Richard Elliott wrote:
To me, this remembrance involves what I believe is the gut of your essay: to remember who I am and all this entails, which you have masterfully alluded to.
... live their lives in integration with the secular and sacred, and aspire to ever greater learning and love for such wholeness, compassion, dignity and friendship that you have alluded to in the essay.
This hope is what attracts me to categories of thought that integrate living and caring in the world with the spiritual aspirations of finding the truths of human existence, which you seem to represent as True Self-Defense.
Sorry for the very excessive length, but I couldn't help it.
After re-reading your piece I recognized that you didn't actually mention anything specific concerning the positive aspects of the discovery of the original or undifferentiated self.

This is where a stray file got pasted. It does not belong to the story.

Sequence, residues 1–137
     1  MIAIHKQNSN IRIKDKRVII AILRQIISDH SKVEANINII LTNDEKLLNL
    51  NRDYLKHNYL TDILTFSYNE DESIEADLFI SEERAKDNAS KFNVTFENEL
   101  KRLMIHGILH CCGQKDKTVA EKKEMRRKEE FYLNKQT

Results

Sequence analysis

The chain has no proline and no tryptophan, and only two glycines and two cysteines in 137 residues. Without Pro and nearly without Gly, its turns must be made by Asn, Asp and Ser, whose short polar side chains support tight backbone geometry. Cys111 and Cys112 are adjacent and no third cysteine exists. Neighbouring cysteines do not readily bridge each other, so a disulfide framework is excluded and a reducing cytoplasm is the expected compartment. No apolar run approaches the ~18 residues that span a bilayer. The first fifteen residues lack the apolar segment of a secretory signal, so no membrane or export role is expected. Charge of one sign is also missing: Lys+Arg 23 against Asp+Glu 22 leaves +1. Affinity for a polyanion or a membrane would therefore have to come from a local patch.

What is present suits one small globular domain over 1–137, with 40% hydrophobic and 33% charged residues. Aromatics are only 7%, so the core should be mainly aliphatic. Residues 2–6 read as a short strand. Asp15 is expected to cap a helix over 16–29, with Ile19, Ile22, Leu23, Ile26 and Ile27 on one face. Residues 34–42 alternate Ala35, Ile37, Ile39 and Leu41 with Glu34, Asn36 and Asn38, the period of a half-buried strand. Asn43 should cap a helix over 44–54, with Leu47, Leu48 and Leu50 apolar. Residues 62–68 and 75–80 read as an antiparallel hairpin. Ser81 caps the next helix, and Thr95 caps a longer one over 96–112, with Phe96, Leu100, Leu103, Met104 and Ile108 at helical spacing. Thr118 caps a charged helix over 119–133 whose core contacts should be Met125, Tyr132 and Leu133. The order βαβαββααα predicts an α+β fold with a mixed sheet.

I was somehow "struck" by your essay and maybe I was reading more into it. As I reread it your essay was mostly, it seems, concerned with the (negative?) process of working off the "false selves". Maybe I was having a "fit", I donn't know---but a GOOD fit.
Even if there is the state of oneness that is characterized as "undifferentiated", it still seems that a person would have to live this truth of existence through a unique way that can only be their own.
This may be obvious to all or I may be mistaken or just did not understand.